TOBA: Thoroughbred Owners and Breeders Association

August Member of the Month

Harold Queen

Harold “Hal” Queen reigns supreme when it comes to Drama—or, at least, horses bearing that name. The latest star from his top broodmare Riveting Drama—who also foaled Queen’s 2010 Eclipse champion sprinter and Sentient Jet Breeders’ Cup Sprint (gr. I) winner Big Drama (by Montbrook)—took home her first grade I victory in the 1 ¼-mile Delaware Handicap on July 18. Florida-bred Sheer Drama, trained by David Fawkes, most recently won the Personal Ensign Stakes (gr. I) at Saratoga on August 29, qualifying her for the October 30 Breeders' Cup Distaff at Keeneland. Now five years old, the homebred filly has improved her performance each year. “Well, she wants to go a mile and an eighth and a mile and a quarter,” Queen said, adding that, “as a two-year-old, we never got her started because she wasn’t ready to race.”

But taking time with this horse was necessary. “We had to because she just wasn’t mature physically or mentally, either one. She just wasn’t there, but she’s such a well-built filly. She has a beautiful stride to her,” he beamed. In September 2013, Sheer Drama set a new track record at Laurel Park, covering 1 1/6 miles on dirt in 1:41.79. At that point, Sheer Drama was in Tony Dutrow’s stable. Later transferred to Fawkes’ care, she’s since won or placed in five stakes—four graded—this year alone.

Sheer Drama is an exclamation point on her breeder-owner’s decades-long career in the game. Queen purchased her sire, Burning Roma, as a yearling in 1999, to pinhook, although he bought him back as a juvenile the next year. In 2000, the Rubiano colt won the Futurity (gr. I), en route to earnings of $1.5 million. He held court this year at Prestige Stallions in Ocala for $6,000.

For a decade, Queen has also reaped royal rewards from Riveting Drama (by Notebook), whom he purchased as a two-year-old in 1996 for $36,000. That investment proved to be a bargain, even though the filly bucked her shins multiple times and never raced. Queen figured she might make a good broodmare, but little did he know how good. He admitted, “Well, I was hoping of course, but no, I didn’t know, but if I matched her up the proper way, that we would get some excellent foals out of her.”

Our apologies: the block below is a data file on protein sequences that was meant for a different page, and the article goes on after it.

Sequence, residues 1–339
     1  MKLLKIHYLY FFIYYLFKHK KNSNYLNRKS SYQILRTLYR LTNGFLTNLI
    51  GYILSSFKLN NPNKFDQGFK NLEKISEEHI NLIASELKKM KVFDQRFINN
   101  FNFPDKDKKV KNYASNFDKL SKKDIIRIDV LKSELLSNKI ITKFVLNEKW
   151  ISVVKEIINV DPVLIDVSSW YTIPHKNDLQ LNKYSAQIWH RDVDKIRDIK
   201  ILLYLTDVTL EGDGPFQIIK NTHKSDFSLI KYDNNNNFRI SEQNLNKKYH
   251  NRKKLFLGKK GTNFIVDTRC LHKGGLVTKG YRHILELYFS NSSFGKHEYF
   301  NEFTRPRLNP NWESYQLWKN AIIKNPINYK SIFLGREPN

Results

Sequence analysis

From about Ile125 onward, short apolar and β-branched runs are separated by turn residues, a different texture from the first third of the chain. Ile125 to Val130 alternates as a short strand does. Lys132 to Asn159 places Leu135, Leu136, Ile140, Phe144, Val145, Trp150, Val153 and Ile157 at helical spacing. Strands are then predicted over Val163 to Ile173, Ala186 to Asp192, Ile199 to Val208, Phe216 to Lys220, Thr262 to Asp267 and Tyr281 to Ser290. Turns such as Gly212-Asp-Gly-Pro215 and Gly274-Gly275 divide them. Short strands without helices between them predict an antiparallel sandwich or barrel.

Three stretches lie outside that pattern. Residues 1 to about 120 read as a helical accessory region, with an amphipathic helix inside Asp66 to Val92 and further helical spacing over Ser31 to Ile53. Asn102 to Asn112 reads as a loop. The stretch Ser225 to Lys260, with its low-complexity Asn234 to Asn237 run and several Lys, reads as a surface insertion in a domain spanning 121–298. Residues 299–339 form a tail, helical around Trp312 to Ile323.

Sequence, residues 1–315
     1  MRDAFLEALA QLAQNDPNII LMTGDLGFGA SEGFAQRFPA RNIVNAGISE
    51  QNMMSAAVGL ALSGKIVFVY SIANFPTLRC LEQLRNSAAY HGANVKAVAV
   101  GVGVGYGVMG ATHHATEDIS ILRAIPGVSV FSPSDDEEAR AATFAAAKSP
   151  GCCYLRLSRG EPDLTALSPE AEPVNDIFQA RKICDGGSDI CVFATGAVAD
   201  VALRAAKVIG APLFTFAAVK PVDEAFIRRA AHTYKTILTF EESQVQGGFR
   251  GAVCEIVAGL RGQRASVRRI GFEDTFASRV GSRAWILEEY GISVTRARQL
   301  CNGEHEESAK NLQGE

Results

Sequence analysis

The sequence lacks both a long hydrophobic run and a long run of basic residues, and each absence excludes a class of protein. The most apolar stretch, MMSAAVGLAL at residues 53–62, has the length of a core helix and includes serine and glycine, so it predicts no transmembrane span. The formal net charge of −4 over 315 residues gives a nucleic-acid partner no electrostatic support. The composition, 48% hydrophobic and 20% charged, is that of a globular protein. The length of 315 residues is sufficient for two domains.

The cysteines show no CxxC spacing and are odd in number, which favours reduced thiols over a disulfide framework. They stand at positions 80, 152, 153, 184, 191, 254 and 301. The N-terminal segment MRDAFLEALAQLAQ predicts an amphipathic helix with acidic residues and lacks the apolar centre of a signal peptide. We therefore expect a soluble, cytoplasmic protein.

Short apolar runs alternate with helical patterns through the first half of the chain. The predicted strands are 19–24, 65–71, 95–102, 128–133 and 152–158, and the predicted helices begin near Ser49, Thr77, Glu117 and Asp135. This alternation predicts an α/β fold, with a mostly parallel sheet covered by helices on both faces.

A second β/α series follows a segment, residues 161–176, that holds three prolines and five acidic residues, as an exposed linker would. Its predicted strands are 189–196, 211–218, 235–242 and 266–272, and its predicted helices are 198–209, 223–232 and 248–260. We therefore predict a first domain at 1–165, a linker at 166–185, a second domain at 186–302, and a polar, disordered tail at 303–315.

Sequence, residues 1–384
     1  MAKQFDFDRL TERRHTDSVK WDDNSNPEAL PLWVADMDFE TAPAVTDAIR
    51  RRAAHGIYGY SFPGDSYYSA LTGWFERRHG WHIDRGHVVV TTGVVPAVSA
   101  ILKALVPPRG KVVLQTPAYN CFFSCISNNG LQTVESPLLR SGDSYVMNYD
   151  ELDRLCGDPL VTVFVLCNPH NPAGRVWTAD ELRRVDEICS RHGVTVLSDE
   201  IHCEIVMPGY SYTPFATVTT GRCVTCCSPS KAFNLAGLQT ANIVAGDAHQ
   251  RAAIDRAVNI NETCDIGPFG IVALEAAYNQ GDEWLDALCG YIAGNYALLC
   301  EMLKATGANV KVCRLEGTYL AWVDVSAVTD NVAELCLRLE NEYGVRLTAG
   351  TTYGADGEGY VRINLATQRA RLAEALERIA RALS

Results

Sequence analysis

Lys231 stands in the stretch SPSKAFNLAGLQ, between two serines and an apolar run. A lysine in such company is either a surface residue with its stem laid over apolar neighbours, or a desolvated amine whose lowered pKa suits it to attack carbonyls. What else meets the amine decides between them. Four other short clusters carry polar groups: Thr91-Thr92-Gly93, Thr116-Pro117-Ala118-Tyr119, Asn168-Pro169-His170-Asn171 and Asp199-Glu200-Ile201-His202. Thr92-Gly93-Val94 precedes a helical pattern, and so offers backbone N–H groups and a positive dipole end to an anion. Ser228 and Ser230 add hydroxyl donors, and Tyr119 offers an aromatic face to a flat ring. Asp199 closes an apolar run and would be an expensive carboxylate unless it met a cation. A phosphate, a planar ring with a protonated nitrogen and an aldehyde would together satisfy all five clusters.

Besides Big Drama, who stands at Bridlewood Farm in Ocala, and Sheer Drama, Riveting Drama’s other foals include stakes winners Little Drama and Queen Drama—both full siblings to Sheer Drama—minor stakes winner Drama’s Way, and stakes-placed Coffee Can. Her triumphs don’t stop there, either. “I bred her to Kentucky sires a couple times, and then, when we moved to Florida, I bred her to a horse called Yes It’s True and sold that colt for $130,000 as a two-year-old in training” in 2005, said Queen. That foal, named Maltese Massive, didn’t become a stakes winner, but still earned $560,883 in Japan.

Although Big Drama achieved his best results as a sprinter, Queen pointed out that he didn’t suffer from distance limitations. In fact, the colt finished second in the 1 1/8-mile 2009 West Virginia Derby (gr. II), defeating Kentucky Derby (gr. I) winner Mine That Bird in the process. After Big Drama was injured in that race, “I brought him home and we had to rehab him, and it took us nine months to get him back to the races,” he recalled. The rest was history, as the colt became a star sprinter, but it took “time and patience,” said Queen. “Most people don’t want to give them the time and they don’t have the patience. But you have to.”

Queen maintained a farm in Lodi, Ohio for 37 years, until he moved to Ocala 12 years ago. “It’s great weather here and it’s so much better than Ohio,” he said of his purchase of 82 acres of the Nelson Jones Training Center. Queen lives about 10 minutes away from his farm and remains a hands-on owner-breeder. Of his commitment, he said, “It’s a lot of hard work. It’s seven days a week and most people don’t want to do that.”

He and his dedicated team board a number of horses for clients. That’s in addition to his own 10 broodmares, who produce about six or seven foals per year for him. Most of his stock resides in Florida with him—he has only five runners in training, including three juveniles by Big Drama. In 2014, Queen purchased a Big Drama-sired yearling, Dangerous Bend, for a sale-topping $185,000 at the August OBS yearling sale. Of his champion’s foals, he said, “They’ve been running, and I would expect them to run because they have very, very nice conformation.” It looks like the next generation of Queen-bred royals is shaping up to be proper heirs for their sire—and their breeder.

Congratulations to Harold Queen, TOBA's August members of the month!

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